consciousness

Extract from The Will to Consciousness

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31

In the Western world of this early twenty-first century, it is impossible to live in a willfully conscious way. The one who does so lives under the law of exception. The general law ensures that nobody can awaken, but a few individuals do manage to slip through the cracks. It can be a living hell for them when they realize they are alone in this world and that nobody really has the will to change radically. Living in a willfully conscious manner is inaccessible to humans—very few can claim to have established this state in themselves. A human is a soulless machine. There is nothing inside—neither God, nor soul—and when he dies he has no chance of attaining immortality. To do so, he would have to crystalize the awakened state in himself while alive so that by the time of death he has made a habit of living in eternity.

32

Only he who allows himself to Be can pursue the willfully conscious life. The Living God recognizes that consciousness is his most permanent quality. To latch on to it becomes his only viable option.

33

I applied myself to the study of what others before me said about this state we call “enlightenment.” I pored over all traditions and found that, beneath the surface, they had a common core. It was while reading Aldous Huxley’s The Perennial Philosophy that I understood there had to be a common thread running through the various definitions and techniques leading to enlightenment. I reached an all-encompassing perspective of the traditions, which I then synthesized to be able to integrate my knowledge into a concrete way of life. I unraveled religious symbolism to get to this common core that led me to my center. In that moment, I awoke something powerful. I felt like I had done the impossible, that I had arrived. I stopped searching because I had found the absolute. All I had to do was integrate the experience in the world without losing myself in the immensity of what I Am. From that point on, to live in a willfully conscious manner was no longer an option, but an obligation.

34

The one who knows to look inside himself for answers understands that knowledge is not something that is learned. He may learn things through study, but the essential need not be studied. An individual can awaken without having gone to school.

35

What I do best, nobody taught me. I learned, like a primate would, to mimic my fellow creatures to be able to live in the world, but for me happiness is innate. I am joy. In other words, I did not learn to live in a willfully conscious manner, I gave myself permission to do so. I surrender myself to be what I Am by forgetting society’s programs and concentrating on the essential.

36

It is through writing that I obtain the best vantage points on the world and on myself. They are there in me, ready to manifest. I know things I did not even imagine I knew. Is this learned ignorance? No matter how we define this source of inexhaustible knowledge, my only desire is to cultivate it.

37

Being willfully conscious, I have access to knowledge. I know what I have to do every second. I don’t think we can reduce this to simple intuition. It’s much more than that. It’s direct access to a universal data base which is available to me as long as I remain in harmony and centered. Only then, perched high on the summit of my Being, can I spy the entire world. I found the panoptic that gives me access to everything I want to know. Nothing is out of my grasp. A question contains its own answer, otherwise it is not a real question.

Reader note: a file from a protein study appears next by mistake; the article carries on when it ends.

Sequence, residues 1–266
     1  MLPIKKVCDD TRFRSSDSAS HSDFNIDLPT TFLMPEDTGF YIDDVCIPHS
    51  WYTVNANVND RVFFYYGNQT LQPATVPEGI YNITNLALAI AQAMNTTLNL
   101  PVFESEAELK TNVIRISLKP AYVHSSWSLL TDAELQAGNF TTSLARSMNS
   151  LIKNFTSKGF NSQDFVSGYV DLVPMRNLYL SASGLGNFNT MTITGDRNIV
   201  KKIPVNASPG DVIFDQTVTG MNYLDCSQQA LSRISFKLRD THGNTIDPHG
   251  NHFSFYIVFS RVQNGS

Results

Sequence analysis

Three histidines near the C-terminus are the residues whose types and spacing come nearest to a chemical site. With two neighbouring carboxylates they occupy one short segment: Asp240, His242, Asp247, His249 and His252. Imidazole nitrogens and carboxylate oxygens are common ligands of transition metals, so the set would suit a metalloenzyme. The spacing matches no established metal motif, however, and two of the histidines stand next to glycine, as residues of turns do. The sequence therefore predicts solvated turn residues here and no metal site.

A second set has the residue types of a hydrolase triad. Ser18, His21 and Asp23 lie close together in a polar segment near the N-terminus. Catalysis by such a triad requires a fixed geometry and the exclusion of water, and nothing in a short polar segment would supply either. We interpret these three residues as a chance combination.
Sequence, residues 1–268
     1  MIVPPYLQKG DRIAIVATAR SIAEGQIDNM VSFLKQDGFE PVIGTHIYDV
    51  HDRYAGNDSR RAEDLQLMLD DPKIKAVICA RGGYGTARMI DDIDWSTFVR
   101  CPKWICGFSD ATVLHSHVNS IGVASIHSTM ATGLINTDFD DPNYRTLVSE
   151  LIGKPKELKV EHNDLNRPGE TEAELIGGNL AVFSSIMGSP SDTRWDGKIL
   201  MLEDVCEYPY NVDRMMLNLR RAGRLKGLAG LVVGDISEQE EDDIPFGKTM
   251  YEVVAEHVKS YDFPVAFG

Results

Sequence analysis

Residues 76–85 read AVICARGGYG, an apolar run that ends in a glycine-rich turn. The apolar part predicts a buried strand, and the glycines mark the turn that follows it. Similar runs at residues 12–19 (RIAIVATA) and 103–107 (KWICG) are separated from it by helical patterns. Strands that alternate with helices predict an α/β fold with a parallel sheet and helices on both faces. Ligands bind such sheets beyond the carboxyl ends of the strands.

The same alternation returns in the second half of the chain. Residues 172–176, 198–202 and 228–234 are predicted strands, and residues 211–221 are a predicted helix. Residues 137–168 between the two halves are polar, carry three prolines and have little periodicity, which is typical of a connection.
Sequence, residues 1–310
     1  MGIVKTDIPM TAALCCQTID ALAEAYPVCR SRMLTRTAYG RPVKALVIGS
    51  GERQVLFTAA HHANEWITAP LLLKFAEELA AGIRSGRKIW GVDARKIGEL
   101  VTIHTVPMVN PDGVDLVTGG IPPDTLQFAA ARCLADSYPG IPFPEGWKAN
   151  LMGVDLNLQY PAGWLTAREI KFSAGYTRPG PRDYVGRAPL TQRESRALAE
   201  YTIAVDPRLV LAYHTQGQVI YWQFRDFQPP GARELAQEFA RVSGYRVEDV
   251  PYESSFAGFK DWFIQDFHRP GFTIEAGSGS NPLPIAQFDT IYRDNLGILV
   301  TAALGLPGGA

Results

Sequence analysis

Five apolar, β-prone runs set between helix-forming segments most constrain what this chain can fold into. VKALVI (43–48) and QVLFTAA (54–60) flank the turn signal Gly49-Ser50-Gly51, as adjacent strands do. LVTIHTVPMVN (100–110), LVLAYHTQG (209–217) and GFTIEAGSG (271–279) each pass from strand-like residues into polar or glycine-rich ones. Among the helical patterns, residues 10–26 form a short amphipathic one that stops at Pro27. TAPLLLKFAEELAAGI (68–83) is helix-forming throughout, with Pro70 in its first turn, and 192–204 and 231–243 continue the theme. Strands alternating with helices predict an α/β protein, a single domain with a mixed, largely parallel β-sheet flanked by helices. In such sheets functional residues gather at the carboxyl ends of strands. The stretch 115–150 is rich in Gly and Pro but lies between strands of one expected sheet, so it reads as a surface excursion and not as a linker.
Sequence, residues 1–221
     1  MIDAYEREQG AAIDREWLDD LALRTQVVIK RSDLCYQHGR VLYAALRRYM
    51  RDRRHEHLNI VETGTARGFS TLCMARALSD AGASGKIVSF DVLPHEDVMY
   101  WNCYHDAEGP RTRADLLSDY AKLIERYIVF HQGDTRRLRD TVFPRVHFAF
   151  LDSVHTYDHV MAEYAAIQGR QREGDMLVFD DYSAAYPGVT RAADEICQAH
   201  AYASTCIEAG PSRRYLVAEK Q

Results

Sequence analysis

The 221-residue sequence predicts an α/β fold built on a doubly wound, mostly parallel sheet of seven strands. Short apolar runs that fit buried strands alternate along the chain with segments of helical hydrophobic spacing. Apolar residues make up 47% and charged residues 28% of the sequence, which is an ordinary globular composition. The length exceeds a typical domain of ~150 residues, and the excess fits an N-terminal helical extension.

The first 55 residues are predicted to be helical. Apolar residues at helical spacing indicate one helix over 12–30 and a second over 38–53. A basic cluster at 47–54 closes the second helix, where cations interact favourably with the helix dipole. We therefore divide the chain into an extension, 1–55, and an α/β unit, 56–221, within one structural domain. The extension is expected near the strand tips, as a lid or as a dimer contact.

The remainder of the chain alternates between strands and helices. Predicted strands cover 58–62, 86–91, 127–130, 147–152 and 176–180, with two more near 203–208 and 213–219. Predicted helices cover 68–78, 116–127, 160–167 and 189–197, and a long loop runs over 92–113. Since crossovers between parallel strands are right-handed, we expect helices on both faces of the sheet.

38

To be willfully conscious is to be in harmony with what I have set out to be. It is to be attentive to all details in order to appreciate them for their true value. When you have access to the Great All you need profound discrimination.

39

I do not pretend to know everything. Of what benefit is that, anyway? I know what I need to know to remain harmonious. If I lack some knowledge, I meet a teacher or I have the intuition to teach myself. I do not encumber my mind with the superfluous. I have a lot of respect for myself. If I learn, it is for the pleasure of it and I never forget that I already have a grasp of the essential, that happiness is the most permanent state and if I live it in full consciousness, chances are this state will outlive me. This state is more my self than myself.

40

In life, the plateaus are the most difficult to bear. Monotony sets in, automatisms develop and this false security incites us to be less attentive because we think we already know what will happen. Plateaus are a daunting challenge to the willfully conscious life because they provide multitude opportunities to retreat to the commonplace. When everything moves at speed—when life is full to the brim—our focus is essential and all our senses are on alert. Plateaus, on the other hand, make us negligent and torpid. It therefore behooves us to constantly develop effective strategies to stimulate our attention because the conscious life is the only one that really matters.

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Extract from The Will to Consciousness

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